A proposal that would prevent abortions after six weeks of pregnancy is set to be discussed by the Florida Senate on Thursday amid a debate refueled by the U.S. Supreme Court’s decision last year to overturn Roe v. Wade.
As Senate Bill 300 gets closer to becoming a law, here are some things Floridians should be aware of how the legislation will affect reproductive healthcare in the state.
What would the new bill do to Florida’s existing abortion laws?
The Pregnancy and Parenting Support bill (the new bill) would ban abortions after six week, reducing the current ban after 15 weeks in Florida.
The 15-week abortion ban was signed into law by Republican Gov. Ron DeSantis signed the 15-week abortion ban into law last year. It is still being challenged. A motion for a temporary order against the ban was denied by a Miami-Dade County Judge in February.
Pregnancy and Parenting support bill will only be in effect if current law is upheld. It would make it a crime for a woman to have an abortion beyond six weeks, with some exceptions.
An exception would be made to save the life and incest pregnancy up to 15 weeks.
Pregnant women will need to present documentation to support their claim of victimhood, such as a police report, medical record or restraining order.
How has the community responded to the bill
There have been passionate opinions from both sides about the legislation.
Opponents of the bill have said that by the time a woman finds out she’s pregnant, it will become too late to get an abortion or there will be too little time to arrange one — especially for victims of rape and incest.
They also claimed that the bill would have a greater impact on rural women with limited access to health care because it will make it more difficult for them to get an abortion.
“This bill is too restrictive,” said Democratic Rep. Robin Bartleman. “The amount of paperwork a woman must go through in order to prove they were raped can be traumatizing.”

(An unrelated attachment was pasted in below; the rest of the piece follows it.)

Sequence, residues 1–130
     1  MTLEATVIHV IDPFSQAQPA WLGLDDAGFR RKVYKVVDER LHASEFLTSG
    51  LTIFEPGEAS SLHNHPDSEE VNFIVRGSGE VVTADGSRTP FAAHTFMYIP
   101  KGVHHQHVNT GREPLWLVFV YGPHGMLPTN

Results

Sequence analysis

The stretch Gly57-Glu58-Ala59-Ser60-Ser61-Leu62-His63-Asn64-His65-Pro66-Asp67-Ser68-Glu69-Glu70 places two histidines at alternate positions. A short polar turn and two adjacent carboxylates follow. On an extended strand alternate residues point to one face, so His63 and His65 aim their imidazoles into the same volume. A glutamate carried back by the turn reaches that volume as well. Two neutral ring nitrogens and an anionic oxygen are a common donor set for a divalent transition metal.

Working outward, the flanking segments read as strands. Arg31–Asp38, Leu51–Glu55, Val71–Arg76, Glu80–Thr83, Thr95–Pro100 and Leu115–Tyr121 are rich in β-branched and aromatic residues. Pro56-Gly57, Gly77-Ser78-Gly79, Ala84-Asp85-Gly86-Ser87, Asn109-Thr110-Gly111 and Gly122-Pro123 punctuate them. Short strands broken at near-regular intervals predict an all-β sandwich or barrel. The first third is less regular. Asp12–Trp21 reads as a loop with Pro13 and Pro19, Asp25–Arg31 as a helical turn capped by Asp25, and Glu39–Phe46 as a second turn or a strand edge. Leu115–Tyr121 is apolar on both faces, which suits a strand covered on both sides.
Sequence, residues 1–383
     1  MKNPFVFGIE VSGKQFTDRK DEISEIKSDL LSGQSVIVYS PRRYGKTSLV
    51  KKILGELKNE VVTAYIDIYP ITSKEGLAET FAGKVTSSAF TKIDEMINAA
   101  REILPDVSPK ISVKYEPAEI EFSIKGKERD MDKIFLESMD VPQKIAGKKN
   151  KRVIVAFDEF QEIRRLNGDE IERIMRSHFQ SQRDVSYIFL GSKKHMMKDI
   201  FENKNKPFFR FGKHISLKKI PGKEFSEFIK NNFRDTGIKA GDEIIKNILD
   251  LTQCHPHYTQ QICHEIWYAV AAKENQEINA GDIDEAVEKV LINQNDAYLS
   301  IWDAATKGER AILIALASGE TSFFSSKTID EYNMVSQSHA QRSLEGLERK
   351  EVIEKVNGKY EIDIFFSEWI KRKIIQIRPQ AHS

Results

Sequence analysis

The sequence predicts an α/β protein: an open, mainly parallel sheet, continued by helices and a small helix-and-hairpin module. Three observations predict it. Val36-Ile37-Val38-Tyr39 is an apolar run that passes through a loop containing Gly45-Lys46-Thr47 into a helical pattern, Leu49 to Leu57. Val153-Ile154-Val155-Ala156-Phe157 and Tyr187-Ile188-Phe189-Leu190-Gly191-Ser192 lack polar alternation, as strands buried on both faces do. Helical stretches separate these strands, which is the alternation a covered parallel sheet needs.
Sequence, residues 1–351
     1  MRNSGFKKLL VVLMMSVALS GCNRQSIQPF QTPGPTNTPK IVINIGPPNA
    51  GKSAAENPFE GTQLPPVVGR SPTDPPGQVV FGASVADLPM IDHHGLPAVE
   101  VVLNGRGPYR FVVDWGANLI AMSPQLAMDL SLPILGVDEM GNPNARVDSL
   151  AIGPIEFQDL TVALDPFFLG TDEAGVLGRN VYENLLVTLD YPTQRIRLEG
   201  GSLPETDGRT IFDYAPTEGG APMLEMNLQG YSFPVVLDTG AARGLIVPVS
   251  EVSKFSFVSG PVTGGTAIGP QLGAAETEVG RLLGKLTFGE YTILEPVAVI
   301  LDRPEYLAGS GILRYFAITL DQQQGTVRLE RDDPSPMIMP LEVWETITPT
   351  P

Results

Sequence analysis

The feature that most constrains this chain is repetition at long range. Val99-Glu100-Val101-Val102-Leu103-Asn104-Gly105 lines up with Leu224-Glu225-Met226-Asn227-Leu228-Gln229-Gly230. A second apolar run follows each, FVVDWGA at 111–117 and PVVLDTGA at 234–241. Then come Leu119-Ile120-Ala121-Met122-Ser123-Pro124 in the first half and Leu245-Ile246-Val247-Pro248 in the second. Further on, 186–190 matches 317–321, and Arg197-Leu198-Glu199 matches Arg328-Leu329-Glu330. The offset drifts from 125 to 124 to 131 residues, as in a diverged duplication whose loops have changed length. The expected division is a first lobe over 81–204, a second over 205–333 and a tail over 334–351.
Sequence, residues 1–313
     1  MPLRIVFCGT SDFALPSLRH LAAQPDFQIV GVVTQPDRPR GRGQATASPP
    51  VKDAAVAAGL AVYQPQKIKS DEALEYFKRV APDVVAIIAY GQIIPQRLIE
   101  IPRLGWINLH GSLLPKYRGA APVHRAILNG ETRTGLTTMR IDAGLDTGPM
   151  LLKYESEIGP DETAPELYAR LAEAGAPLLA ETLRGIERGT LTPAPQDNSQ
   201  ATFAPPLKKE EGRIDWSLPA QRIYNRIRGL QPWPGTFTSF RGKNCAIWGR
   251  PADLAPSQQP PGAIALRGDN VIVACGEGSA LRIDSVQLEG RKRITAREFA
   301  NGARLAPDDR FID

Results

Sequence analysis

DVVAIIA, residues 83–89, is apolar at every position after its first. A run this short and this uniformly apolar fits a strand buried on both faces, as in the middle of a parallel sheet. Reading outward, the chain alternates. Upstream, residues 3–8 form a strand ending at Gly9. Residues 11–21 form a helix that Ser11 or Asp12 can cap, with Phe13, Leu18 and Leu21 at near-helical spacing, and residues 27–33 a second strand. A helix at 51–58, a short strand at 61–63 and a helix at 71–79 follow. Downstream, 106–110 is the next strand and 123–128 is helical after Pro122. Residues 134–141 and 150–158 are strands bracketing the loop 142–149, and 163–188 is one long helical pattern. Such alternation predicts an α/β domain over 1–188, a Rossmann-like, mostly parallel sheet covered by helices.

Bartleman stated that most rapes don’t get reported. She also acknowledged that Republicans are likely to get their way.
“You will have the votes, you have supermajority. There will essentially be an outright abortion ban in the state of Florida,” she said. “I can do math.”
Alternatively, the bill’s proponents focus on unborn children whose lives are “saved”, if the legislation passes.
“It’s a bill that recognizes the importance and value of the life of innocent, unborn human beings,” said Republican Rep. Jenna Persons-Mulicka said of her proposal. “The bill that’s before you is not solely a reflection of my personal beliefs, but a result of listening in an attempt to build consensus around a policy that supports life.”
Governor Ron DeSantis indicated that he would support the ban. Signing the bill could give DeSantis a boost among conservative voters, as he is widely believed to be running for president.
A Florida House committee unanimously approved a six-week ban on abortion. NBC 6’s Steve Litz reports
What is the status of the bill now?
The proposed six-week ban is set to be discussed by the Florida Senate on Mar. 30.
The House bill version was approved by a party line vote during the Health and Human Services Committee meeting on March. 30.
The bill was approved by a majority of the Florida House committee earlier this month. 16 as Democrats also acknowledged that they cannot stop the bill from becoming law.
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